It's not all about just about how well you toss or catch.  It's also about understanding the game, your opponents and anticipating plays!! 
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ultimaterob
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« Reply #19 on: November 10, 2009, 04:01:35 AM »

Great thread Smiley

Just wanted to let people know that I'm developing a website which is dedicated at teaching people more about ultimate; specifically how to get better and how to help others get better.

I'm developing flash drills, instructional videos, writing articles and linking to other ultimate resources (like the Huddle). I'm also on Twitter and Facebook and I'm available to answer any questions related to ultimate.

My site is called Ultimate Rob and you can find all of my social networks from that site (http://www.ultimaterob.com).

Thanks,
Rob McLeod
Ultimate Rob
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Sweet_Charlie
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« Reply #20 on: December 13, 2010, 12:45:04 PM »

I'll put in my 2 cents from personal experience and mainly from pick up.  I'll just cover handling and cutting.  Please keep in mind I learn best from watching and emulating.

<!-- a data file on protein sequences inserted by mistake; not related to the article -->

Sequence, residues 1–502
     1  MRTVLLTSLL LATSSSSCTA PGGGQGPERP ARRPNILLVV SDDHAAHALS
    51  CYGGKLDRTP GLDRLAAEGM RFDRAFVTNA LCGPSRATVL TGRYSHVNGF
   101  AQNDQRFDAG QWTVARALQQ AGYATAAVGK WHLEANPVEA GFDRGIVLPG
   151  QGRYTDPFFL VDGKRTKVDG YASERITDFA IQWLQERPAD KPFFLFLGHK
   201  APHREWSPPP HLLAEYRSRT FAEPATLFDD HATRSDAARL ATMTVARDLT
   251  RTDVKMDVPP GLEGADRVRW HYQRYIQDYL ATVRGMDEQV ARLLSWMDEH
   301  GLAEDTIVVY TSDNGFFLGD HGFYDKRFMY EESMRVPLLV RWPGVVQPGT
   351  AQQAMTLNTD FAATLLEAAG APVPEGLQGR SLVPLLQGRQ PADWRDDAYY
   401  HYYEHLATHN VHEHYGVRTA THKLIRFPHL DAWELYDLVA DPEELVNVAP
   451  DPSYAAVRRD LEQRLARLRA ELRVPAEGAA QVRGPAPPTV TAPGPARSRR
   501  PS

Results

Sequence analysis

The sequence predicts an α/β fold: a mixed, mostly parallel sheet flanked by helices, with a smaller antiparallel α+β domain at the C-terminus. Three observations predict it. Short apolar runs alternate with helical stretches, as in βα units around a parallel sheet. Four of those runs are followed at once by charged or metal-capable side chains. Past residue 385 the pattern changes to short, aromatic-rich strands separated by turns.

Handling:  When it comes to handling, I always watch the "designated handlers" of a team.  The ones that throw high-percentage throws that are always able to get through their mark whether by breaking a ridiculous mark or just floating a dump pass.  They put themselves in the position to handle for a reason, they're good at it.  No flashy flakes, no ridiculously low to the ground forehand I-O hucks down the field, just good decision making and confident throws.  It's all about learning from their years of experience and seeing how effective their body movement fakes are.  In my opinion, when all else fails a quick body movement fake will almost always give you a nice an easy high percentage throw.

Cutting:  This is a piece of advice that every player should know by now, but I'll say it anyways.  When you want to learn how to make the most effective cuts, watch the most "elderly" players out there.  They've more than likely played through college, enjoyed time at a club team, and ESPECIALLY the Master's players.  These guys have bad knees, need to take their prescription meds, and probably need to get home to take care of the kid.  Enough cracks at the old guys, they make freakishly effective cuts.  What they don't have in speed, they make up in field positioning, timing, and maximizing the efficiency of their movements.  The old guy always seems to get the disc even when he's being covered by some spry 20 something kid, why?  Because they know all of the tricks of the trade and by watching how they make their cuts and trying to emulate them, you will become more effective.
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ultimaterob
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« Reply #21 on: April 16, 2011, 04:07:38 PM »

I know this thread is old, but sometimes it's good to have a reminder of the basics of the game so we constantly be improving our game:

http://www.ultimaterob.com/2011/04/12/6-tips-for-any-beginner-ultimate-player/